Therefore person A is richer than B.


But can be an alternate outcome.
Assume both A and B have $2 each now.

Person A
-----------
Person A decides to borrow from the bank to buy the apple and promise to return $1.03 a yr later.

One yr later, Person A has $0.97 ($2 - $1.03) in his pocket

Person B
-----------
Person B decides to use his money to buy the $1 apple now.

One yr later, Person B has $1 ($2 - $1) in his pocket.

Therefore in this case, Person B is richer than Person A.


This is only an over-simplified analysis on borrowing.
Please comment if I make my analysis correct or not.


Your example illustrates the fact that inflation encourages people to spend today to avoid paying higher prices in the future.

Person B in scenario 2 bought the apple today and saved the most money.

Person A in scenario 1 and 2 bought the apple today using borrowed money and incurred interest charges.

Person B in scenario 1 couldn't afford the apple today and bought it one year later at an inflated price which exceeded the interest charges.

Cheers!
jazzmama
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Posts: 33
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Postby jazzmama » Sun Aug 07, 2011 10:32 pm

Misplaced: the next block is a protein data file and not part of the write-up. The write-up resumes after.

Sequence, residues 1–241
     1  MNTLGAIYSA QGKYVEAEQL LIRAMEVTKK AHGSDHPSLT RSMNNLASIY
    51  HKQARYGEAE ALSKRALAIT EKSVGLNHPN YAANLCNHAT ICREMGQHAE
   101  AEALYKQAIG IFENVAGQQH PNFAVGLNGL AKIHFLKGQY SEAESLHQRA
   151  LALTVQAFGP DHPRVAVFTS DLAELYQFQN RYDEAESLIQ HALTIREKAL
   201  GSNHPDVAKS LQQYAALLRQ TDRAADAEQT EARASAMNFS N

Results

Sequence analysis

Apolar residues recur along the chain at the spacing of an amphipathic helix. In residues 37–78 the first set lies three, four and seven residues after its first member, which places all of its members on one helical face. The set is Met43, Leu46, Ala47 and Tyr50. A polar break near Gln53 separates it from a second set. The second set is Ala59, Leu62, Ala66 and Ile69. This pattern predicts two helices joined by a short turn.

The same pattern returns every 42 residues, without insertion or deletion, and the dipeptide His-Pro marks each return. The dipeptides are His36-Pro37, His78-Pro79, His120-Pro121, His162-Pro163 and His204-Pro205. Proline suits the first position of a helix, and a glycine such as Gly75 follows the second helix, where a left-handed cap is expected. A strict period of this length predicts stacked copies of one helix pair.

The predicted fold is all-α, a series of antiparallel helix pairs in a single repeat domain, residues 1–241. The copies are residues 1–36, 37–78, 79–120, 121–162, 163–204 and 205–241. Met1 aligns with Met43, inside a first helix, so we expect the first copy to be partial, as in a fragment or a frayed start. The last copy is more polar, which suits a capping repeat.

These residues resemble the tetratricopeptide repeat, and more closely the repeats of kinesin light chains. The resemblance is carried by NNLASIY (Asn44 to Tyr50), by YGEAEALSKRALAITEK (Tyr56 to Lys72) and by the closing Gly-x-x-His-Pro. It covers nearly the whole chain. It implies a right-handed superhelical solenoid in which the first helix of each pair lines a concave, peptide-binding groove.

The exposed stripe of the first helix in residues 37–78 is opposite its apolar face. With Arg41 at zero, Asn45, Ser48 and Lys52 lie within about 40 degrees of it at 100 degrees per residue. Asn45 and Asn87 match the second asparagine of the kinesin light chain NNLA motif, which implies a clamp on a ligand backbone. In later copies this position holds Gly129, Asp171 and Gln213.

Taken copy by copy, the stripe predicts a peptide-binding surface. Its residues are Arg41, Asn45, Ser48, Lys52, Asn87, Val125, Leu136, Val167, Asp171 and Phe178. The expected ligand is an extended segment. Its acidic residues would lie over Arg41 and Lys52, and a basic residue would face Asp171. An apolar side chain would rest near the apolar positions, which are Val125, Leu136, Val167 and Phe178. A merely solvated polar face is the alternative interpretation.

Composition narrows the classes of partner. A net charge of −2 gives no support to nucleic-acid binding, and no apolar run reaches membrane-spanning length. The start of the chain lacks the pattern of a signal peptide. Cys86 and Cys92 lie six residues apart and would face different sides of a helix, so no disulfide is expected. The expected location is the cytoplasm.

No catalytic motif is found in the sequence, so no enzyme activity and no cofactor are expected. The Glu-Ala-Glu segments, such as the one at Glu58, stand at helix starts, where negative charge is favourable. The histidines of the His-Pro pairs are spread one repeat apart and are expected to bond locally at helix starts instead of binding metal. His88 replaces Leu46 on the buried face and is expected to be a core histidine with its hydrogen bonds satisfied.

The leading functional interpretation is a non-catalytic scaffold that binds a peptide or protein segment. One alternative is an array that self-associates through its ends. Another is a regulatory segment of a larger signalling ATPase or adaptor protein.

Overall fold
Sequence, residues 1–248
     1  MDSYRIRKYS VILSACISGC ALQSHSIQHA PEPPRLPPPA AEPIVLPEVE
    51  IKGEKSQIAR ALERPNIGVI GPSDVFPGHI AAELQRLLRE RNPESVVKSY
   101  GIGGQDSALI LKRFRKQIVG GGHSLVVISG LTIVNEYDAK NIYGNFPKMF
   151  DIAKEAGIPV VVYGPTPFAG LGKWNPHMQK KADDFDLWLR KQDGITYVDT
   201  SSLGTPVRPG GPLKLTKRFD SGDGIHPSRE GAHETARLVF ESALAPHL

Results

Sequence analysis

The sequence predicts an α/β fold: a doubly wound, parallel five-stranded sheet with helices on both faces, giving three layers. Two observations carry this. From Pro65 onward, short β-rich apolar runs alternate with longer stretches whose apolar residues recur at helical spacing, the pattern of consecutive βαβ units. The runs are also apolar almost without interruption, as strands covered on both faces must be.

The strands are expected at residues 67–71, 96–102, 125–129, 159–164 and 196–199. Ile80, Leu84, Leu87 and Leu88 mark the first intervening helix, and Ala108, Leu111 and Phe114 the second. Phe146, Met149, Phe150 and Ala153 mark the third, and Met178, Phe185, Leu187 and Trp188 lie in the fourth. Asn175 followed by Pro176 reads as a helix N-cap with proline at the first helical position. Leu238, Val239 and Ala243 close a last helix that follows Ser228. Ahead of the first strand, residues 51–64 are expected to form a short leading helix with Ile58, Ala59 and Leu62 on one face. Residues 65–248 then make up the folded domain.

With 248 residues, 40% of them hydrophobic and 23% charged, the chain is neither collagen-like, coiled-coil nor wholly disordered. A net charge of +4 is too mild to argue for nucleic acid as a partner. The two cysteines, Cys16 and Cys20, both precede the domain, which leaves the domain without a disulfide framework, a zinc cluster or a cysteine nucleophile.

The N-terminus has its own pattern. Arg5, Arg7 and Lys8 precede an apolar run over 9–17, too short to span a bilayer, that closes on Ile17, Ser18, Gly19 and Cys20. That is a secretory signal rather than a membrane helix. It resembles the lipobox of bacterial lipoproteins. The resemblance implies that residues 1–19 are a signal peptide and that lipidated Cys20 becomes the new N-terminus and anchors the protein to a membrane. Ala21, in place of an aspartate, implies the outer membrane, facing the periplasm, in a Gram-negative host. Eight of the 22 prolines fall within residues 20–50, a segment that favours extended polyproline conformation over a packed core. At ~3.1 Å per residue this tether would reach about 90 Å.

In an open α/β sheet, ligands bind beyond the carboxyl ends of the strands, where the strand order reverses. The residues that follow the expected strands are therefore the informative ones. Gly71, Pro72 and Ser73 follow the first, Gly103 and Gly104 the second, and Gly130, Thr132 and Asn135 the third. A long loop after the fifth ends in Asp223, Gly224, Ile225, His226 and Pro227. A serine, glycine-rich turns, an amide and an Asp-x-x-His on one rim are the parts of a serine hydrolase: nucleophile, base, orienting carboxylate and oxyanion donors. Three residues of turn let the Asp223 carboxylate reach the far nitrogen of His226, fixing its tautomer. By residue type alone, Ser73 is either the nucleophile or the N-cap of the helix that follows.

charliebrown wrote:
I will like to interpret in following way.

One apple costs $1 now
1 year later, the apple cost $1.05 (due to inflation)

Assume there are 2 persons (A and B)
Assume both persons do not have any money now. Both can only earn $2 in a year time.

Person A
------------
He borrows from the bank $1 and promise to return in 1 yr time $1.03.

One yr later, he pays back the bank $1.03. His money in pocket is $0.97 ($2 - $1.03)

Person B
-----------
He does not borrow from the bank and decide to wait 1 yr later to buy the apple (which will then cost $1.05).

One yr later, Person B money in pocket is $0.95 ($2- 1.05)

Therefore person A is richer than B.


But can be an alternate outcome.
Assume both A and B have $2 each now.

Person A
-----------
Person A decides to borrow from the bank to buy the apple and promise to return $1.03 a yr later.

One yr later, Person A has $0.97 ($2 - $1.03) in his pocket

Person B
-----------
Person B decides to use his money to buy the $1 apple now.

One yr later, Person B has $1 ($2 - $1) in his pocket.

Therefore in this case, Person B is richer than Person A.


This is only an over-simplified analysis on borrowing.
Please comment if I make my analysis correct or not.


Hi Charlie Brown

Your example illustrates the fact that inflation encourages people to spend today to avoid paying higher prices in the future.

Person B in scenario 2 bought the apple today and saved the most money.